Tag Archives: steamboats

Remembering The Sultana

"Sultana" at Helena, Arkansas, just prior to its explosion on April 27, 1865. Photo: Public Domain (U.S. Library of Congress, digital id#cph.3a48909)
“Sultana” at Helena, Arkansas, just prior to its explosion on April 27, 1865.
Photo: Public Domain (U.S. Library of Congress, digital id#cph.3a48909)

On 27 April 1865 the steamboat Sultana carrying recently released Union army prisoners of war exploded on the Mississippi River resulting in 1800 deaths. It is regarded as one of the worst maritime disasters in U.S. history.

The steamboat was already in dire need of repairs before it departed on 24 April from Vicksberg, Mississippi. Sultana’s captain and part owner, J. Cass Mason, was told a proper repair would take days. However the War Department was paying $5 for every enlisted man and $10 for each officer. Not wanting to miss a big payday, Mason ordered temporary patches and filled the steamboat with as many officers and enlisted that he could. Thanks to a corrupt Union Army quartermaster, 2,400 enlisted and officers were steered to a ship that was rated to carry only 376.  Its decks began to sag and needed reinforcement before it departed for Cairo, Illinois its final destination.

After unloading cargo in Memphis, Tennessee the Sultana appeared top heavy. The boilers were forced to work hard against the current and swollen Mississippi River. Sometime around 0200 on 27 April three boilers exploded instantly killing many. The explosion caused massive holes and flaming debris that included hot coal that came raining down back on the ship. The Sultana erupted into flames. Frantic Union Army soldiers jumped overboard but many were weakened by being prisoners of war. Some clung to debris, and so many clamored to get on a lifeboat after it was lowered that it sank. Bodies would be found far down river and in trees.

Sadly other historical events, such as the surrender of Confederate General Joseph Johnston and the capture of John Wilkes Booth pushed this news story aside. It never got the attention it should have.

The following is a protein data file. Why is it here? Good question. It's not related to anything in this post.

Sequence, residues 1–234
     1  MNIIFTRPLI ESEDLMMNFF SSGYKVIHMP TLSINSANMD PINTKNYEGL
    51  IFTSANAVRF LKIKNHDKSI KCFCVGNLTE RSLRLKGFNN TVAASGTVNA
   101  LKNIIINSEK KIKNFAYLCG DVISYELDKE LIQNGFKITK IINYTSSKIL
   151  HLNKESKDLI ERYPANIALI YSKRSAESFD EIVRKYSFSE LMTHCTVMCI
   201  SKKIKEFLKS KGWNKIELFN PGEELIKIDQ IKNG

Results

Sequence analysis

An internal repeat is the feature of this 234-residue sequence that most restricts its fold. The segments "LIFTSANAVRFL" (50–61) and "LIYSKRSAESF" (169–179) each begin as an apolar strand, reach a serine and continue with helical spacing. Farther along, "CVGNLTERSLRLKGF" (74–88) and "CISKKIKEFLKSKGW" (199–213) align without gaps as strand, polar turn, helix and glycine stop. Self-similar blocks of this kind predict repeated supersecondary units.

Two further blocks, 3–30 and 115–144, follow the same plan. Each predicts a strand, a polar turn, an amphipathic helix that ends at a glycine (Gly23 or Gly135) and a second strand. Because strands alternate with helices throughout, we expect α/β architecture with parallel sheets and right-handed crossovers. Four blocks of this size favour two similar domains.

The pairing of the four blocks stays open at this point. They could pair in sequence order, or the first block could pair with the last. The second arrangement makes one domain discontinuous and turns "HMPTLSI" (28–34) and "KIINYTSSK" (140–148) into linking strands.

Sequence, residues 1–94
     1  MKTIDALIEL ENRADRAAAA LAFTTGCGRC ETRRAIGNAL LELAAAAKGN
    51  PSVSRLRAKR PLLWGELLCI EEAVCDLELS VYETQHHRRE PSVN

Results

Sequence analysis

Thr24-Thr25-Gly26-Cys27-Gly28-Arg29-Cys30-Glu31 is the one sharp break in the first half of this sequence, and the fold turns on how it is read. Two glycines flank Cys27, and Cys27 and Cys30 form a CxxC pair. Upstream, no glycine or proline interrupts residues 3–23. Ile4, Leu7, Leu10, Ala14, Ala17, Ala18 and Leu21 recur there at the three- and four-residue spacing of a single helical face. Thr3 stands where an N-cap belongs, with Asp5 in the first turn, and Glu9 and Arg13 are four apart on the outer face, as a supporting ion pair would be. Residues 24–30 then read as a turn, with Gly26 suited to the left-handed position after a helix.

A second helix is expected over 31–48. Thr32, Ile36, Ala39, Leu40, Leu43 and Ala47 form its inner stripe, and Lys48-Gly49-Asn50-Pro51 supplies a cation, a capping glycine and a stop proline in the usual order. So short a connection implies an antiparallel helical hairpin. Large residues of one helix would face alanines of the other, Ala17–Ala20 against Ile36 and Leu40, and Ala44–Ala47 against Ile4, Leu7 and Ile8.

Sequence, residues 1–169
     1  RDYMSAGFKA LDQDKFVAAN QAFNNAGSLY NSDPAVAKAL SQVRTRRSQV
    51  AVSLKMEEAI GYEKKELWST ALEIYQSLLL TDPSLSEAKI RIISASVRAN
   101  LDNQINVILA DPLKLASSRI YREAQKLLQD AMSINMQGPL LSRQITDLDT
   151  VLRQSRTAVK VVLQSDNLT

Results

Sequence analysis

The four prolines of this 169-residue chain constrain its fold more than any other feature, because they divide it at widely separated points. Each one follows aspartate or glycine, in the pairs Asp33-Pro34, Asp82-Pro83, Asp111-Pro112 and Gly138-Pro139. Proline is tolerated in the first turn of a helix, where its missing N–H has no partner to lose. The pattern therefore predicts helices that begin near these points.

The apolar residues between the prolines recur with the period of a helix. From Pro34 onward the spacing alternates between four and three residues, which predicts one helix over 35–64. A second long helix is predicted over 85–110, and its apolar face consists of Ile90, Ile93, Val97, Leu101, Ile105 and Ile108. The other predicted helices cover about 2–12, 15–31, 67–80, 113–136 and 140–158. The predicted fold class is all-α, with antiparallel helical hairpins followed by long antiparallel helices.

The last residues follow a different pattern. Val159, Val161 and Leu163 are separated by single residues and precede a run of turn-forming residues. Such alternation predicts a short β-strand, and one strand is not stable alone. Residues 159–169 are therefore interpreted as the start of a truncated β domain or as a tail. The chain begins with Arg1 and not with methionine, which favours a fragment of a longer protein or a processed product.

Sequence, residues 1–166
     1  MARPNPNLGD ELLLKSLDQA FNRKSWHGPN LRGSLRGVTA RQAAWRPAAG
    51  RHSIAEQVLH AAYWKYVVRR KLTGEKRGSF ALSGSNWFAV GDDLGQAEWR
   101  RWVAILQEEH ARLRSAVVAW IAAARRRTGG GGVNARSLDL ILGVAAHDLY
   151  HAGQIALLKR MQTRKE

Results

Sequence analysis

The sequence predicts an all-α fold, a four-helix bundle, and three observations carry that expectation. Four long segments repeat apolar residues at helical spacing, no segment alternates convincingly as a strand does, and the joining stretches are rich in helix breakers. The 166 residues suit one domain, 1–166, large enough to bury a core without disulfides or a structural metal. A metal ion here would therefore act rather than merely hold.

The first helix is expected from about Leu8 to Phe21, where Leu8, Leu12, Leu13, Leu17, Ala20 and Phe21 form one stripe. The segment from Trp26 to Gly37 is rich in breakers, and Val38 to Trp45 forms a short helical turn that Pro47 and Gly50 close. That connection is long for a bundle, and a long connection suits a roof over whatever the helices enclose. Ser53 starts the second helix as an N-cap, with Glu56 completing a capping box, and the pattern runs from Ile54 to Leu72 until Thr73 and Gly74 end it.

While overcrowding and corruption are considered the reasons for the disaster, some claim sabotage by Confederate agents using a coal torpedo. Some evidence, such as testimony of eyewitnesses, suggests its possibility. However more recent examinations such as done on History Detectives shows it more likely a disaster caused by overloading a ship that was already in dire need of repair.

Sources
1. Christopher Klein, The Forgotten History of America’s Titanic 150 Years Ago,History.com,27 April 2015.
2. Sultana (Wikipedia)
3. Stephen Ambrose, Remembering Sultana, National Geographic, NationalGeographic.com, 1 May 2001.
4. Sultana Disaster, Tennessee State Library and Archives: Disasters in Tennessee, www.tn.gov

Remembering The Sultana

"Sultana" at Helena, Arkansas, just prior to its explosion on April 27, 1865. Photo: Public Domain (U.S. Library of Congress, digital id#cph.3a48909)
“Sultana” at Helena, Arkansas, just prior to its explosion on April 27, 1865.
Photo: Public Domain (U.S. Library of Congress, digital id#cph.3a48909)

On 27 April 1865 the steamboat Sultana carrying recently released Union army prisoners of war exploded on the Mississippi River resulting in 1800 deaths. It is regarded as one of the worst maritime disasters in U.S. history.

The steamboat was already in dire need of repairs before it departed on 24 April from Vicksberg, Mississippi. Sultana’s captain and part owner, J. Cass Mason, was told a proper repair would take days. However the War Department was paying $5 for every enlisted man and $10 for each officer. Not wanting to miss a big payday, Mason ordered temporary patches and filled the steamboat with as many officers and enlisted that he could. Thanks to a corrupt Union Army quartermaster, 2,400 enlisted and officers were steered to a ship that was rated to carry only 376.  Its decks began to sag and needed reinforcement before it departed for Cairo, Illinois its final destination.

After unloading cargo in Memphis, Tennessee the Sultana appeared top heavy. The boilers were forced to work hard against the current and swollen Mississippi River. Sometime around 0200 on 27 April three boilers exploded instantly killing many. The explosion caused massive holes and flaming debris that included hot coal that came raining down back on the ship. The Sultana erupted into flames. Frantic Union Army soldiers jumped overboard but many were weakened by being prisoners of war. Some clung to debris, and so many clamored to get on a lifeboat after it was lowered that it sank. Bodies would be found far down river and in trees.

Sadly other historical events, such as the surrender of Confederate General Joseph Johnston and the capture of John Wilkes Booth pushed this news story aside. It never got the attention it should have.

While overcrowding and corruption are considered the reasons for the disaster, some claim sabotage by Confederate agents using a coal torpedo. Some evidence, such as testimony of eyewitnesses, suggests its possibility. However more recent examinations such as done on History Detectives shows it more likely a disaster caused by overloading a ship that was already in dire need of repair.

Sources
1. Christopher Klein, The Forgotten History of America’s Titanic 150 Years Ago,History.com,27 April 2015.
2. Sultana (Wikipedia)
3. Stephen Ambrose, Remembering Sultana, National Geographic, NationalGeographic.com, 1 May 2001.
4. Sultana Disaster, Tennessee State Library and Archives: Disasters in Tennessee, www.tn.gov